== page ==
As a young boy, Wesley was brought up in a Nazarene church. There he learned the importance of freewill and holiness in the Christian life. Later his parents moved and they began attending a Calvinist Baptist congregation, where he was taught the sovereignty of God, predestination and total depravity. When he was about 12, the […]
Matthew grew up in a Protestant family. His mother had been Baptist and his father had been Catholic. They brought Matthew up in a Charismatic Episcopal parish. In high school, he got involved in the rock music culture. In a few short years he didn’t want anything to do with Christianity. When he was 17 he got involved […]
It was my study of the Church Fathers that ignited within me the dormant flame of Catholicism. As many others who have gone before me found, one cannot study the history of the early Church without realizing that many Protestant doctrines — sola Scriptura, for example — were an invention of the Protestant reformation and do not actually reflect the understanding of the Church Fathers, let alone the Apostles. I also realized that the Catholic understanding of the Eucharist is consistent with the way the sacrament has been understood from the beginning.
David’s books are “Born Fundamentalist, Born Again Catholic,” “Rapture: The End-Times Error That Leaves the Bible Behind” and “What Jesus Really Said about the End of the World.”
As I began to describe my works-laden justification, Mr. Pharis told me bluntly, “You’re not getting into heaven.” … He got my attention. I was not saved!
A Feminist Rebellion
I was raised in the Grace Brethren Fundamentalist branch of Protestant Christianity during the 1960’s and 70’s. I am grateful for a lot of the Bible-based teaching I learned there and from my mother; for the steeping and memorization of Bible passages; for all the wonderful stories that engrossed me; for the hearing the words of Jesus and His pure love. But my rebellious bent began to grow as I reached 15 and became skeptical about the manner of this branch of Christianity and the hypocrisy I witnessed around me and inside me. I wanted nothing to do with youth group. I had a strong dislike of the “saving of souls” that took place at the end of the preaching during particularly sad hymns. I took to sneaking out of the church and driving around in my parents’ car during the service. My absconding intensified when my pastor claimed to know when the world was going to end and picked a day that came and went while he remained at the pulpit.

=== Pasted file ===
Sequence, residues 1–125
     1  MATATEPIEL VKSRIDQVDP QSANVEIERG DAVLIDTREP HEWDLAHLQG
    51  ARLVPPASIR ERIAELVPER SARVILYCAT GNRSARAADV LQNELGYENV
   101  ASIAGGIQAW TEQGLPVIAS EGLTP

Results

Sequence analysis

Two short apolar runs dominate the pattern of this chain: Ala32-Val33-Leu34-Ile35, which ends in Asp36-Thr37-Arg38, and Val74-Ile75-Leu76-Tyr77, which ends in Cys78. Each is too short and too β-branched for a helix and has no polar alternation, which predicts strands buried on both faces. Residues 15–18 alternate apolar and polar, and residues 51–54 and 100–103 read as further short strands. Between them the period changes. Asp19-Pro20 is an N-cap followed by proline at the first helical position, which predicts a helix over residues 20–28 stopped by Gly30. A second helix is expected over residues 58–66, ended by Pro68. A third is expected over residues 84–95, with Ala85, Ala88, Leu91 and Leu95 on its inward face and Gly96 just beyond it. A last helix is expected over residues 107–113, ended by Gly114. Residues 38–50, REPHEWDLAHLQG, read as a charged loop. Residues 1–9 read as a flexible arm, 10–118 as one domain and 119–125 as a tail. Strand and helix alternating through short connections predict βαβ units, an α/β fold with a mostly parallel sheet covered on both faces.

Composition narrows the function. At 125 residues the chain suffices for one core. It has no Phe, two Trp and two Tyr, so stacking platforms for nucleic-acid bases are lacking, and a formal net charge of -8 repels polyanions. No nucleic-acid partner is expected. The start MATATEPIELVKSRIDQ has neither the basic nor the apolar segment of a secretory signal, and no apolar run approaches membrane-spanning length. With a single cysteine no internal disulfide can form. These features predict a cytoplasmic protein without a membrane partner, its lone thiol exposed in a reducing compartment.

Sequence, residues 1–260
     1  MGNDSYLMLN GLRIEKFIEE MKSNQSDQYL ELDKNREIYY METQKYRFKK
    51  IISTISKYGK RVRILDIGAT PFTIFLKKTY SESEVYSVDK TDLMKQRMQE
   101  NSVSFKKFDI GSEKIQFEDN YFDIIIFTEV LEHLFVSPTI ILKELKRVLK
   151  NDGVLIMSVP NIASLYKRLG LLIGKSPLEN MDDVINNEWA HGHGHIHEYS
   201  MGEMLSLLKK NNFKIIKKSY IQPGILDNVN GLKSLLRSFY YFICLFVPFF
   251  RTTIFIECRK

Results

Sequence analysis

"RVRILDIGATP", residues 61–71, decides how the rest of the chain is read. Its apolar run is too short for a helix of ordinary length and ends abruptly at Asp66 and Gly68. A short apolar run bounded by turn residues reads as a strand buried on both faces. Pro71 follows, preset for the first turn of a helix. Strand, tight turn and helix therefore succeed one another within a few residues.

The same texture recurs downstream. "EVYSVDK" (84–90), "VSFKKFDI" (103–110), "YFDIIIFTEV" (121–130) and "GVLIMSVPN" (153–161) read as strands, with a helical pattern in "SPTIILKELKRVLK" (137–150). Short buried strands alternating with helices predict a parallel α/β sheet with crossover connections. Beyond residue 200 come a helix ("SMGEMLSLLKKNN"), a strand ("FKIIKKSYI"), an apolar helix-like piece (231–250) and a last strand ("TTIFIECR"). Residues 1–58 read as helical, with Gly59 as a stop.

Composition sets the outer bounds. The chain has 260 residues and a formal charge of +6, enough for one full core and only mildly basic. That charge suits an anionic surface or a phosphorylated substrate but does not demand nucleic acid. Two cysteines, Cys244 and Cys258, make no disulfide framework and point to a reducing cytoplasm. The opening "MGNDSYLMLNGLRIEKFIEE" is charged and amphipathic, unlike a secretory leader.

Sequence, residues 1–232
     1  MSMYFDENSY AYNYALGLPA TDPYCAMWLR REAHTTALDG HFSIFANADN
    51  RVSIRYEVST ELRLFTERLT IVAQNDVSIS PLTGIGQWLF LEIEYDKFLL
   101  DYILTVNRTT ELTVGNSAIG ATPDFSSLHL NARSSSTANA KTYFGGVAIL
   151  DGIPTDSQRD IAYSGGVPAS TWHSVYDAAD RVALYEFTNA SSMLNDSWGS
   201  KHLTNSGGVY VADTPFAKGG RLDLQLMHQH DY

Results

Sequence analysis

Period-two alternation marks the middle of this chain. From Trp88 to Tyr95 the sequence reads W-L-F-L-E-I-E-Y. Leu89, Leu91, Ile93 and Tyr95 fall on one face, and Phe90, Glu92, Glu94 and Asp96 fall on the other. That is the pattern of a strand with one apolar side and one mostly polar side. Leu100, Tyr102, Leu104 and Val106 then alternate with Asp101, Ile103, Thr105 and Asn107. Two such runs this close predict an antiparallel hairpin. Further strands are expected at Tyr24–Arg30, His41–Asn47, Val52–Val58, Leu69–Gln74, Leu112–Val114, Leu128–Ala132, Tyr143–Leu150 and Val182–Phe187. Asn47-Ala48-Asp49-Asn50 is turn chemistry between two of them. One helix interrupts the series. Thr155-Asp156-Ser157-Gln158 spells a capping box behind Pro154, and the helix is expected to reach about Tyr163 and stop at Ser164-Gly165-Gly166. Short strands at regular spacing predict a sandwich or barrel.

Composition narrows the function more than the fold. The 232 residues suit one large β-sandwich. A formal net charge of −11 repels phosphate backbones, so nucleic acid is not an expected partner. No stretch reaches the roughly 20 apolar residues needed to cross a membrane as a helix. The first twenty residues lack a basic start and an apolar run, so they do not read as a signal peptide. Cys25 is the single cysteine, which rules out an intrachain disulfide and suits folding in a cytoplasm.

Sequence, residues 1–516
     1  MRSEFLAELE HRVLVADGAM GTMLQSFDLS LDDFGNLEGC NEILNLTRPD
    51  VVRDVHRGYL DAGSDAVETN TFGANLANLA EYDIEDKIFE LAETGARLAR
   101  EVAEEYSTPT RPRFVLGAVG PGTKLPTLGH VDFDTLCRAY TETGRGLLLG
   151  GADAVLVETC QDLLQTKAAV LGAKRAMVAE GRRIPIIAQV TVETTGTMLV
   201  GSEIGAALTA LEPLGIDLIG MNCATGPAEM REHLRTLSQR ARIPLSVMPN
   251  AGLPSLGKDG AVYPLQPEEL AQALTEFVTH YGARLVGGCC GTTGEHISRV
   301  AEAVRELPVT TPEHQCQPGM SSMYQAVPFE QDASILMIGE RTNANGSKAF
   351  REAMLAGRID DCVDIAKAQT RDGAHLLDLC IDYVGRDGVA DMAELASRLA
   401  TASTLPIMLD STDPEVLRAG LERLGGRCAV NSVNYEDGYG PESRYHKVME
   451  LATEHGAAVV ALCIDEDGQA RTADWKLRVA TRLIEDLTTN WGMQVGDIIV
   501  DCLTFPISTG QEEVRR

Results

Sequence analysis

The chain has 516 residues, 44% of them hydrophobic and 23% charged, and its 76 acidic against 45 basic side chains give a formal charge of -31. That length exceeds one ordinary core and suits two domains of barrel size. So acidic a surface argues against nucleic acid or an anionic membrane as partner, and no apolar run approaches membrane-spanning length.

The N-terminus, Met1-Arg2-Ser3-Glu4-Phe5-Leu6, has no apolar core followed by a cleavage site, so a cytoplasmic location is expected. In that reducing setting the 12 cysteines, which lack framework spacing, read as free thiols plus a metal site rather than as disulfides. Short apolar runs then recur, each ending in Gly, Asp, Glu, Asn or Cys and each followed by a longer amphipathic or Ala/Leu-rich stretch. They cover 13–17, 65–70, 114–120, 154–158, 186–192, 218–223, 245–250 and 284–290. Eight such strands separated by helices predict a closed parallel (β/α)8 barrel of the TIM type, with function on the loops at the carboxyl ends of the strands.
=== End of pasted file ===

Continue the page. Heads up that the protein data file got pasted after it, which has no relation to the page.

The day President John F. Kennedy was shot is one of my most vivid childhood memories. I was in sixth grade playing on the playground when the rumors started. Just before the dismissal bell at the end of the day, the principal made the announcement over the PA system: JFK had been assassinated.
School was dismissed in eerie silence. Tears welled up in my eyes as I walked the half mile home that afternoon. My sorrow was almost overwhelming for a sixth-grader, not only because our President was dead, but primarily because in my heart of hearts I believed that he was in hell.